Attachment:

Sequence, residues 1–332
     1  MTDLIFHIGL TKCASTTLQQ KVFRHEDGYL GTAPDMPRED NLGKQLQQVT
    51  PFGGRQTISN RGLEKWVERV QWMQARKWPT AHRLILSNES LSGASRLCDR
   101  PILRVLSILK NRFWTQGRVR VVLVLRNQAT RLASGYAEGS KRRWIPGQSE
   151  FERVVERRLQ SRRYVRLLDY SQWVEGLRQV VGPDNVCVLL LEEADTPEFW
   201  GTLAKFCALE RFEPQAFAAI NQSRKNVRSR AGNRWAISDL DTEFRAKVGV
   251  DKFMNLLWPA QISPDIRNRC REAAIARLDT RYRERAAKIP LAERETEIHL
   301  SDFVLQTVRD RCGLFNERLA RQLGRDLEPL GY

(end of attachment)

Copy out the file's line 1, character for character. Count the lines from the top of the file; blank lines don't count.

Sequence, residues 1–332